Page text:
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Ancient Alterity in the Andes is the first major treatment on ancient alterity: how people in the past regarded others. At least since the 1970s, alterity has been an influential concept in different fields, from art history, psychology and philosophy, to linguistics and ethnography. Having gained steam in concert with postmodernism's emphasis on self-reflection and discourse, it is especially significant now as a framework to understand the process of 'writing' and understanding the Other: groups, cultures and cosmologies. This book showcases this concept by illustrating how people visualised others in the past, and how it coloured their engagements with them, both physically and cognitively. Alterity has yet to see sustained treatment in archaeology due in great part to the fact that the archaeological record is not always equipped to inform on the subject. Like its kindred concepts, such as identity and ethnicity, alterity is difficult to observe also because it can be expressed at different times and scales, from the individual, family and village settings, to contexts such as nations and empires. It can also be said to 'reside' just as well in objects and individuals, as it may in a technique, action or performance. One requires a relevant, holistic data set and multiple lines of evidence. Ancient Alterity in the Andes provides just that by focusing on the great achievements of the ancient Andes during the first millennium AD, centred on a Precolumbian culture, known as Recuay (AD 1-700). Using a new framework of alterity, one based on social others (e.g., kinsfolk, animals, predators, enemies, ancestral dead), the book rethinks cultural relationships with other groups, including the Moche and Nasca civilisations of Peru's coast, the Chavín cult, and the later Wari, the first Andean empire. In revealing little known patterns in Andean prehistory the book illuminates the ways that archaeologists, in general, can examine alterity through the existing record. Ancient Alterity in the Andes is a substantial boon to the analysis and writing of past cultures, social systems and cosmologies and an important book for those wishing to understand this developing concept in archaeological theory.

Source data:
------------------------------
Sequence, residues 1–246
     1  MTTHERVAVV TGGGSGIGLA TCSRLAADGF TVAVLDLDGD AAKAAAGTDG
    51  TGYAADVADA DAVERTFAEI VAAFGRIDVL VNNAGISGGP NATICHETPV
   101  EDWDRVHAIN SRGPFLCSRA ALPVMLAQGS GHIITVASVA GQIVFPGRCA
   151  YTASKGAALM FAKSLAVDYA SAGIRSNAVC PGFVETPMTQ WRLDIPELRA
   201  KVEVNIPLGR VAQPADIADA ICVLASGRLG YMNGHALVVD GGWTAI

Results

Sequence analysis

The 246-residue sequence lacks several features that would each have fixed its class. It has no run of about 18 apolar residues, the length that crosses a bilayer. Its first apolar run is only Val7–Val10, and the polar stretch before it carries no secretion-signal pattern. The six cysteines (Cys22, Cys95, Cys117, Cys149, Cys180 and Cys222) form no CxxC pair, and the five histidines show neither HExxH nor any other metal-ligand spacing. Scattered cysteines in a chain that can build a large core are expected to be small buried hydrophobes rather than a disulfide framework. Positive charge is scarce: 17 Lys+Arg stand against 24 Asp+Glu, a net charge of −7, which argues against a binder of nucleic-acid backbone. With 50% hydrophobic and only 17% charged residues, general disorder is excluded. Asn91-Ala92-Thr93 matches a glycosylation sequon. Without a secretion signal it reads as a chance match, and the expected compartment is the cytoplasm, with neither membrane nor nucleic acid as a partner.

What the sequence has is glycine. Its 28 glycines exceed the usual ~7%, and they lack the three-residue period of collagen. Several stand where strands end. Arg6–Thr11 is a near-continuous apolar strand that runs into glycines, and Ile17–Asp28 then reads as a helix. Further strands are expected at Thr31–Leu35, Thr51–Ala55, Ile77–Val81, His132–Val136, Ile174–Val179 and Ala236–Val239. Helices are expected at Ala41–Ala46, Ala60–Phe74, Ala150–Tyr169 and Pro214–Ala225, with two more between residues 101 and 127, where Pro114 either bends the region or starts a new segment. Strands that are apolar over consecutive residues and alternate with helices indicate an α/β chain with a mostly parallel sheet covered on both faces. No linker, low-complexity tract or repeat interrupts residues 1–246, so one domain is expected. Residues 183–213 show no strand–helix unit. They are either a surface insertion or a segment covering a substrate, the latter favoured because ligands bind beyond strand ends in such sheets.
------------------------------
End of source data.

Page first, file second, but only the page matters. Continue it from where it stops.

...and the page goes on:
The Oxford Handbook Of The Archaeology Of Death And Burial

Author: Sarah Tarlow
Publisher: OUP Oxford
ISBN: 0191650390
Size: 76.88 MB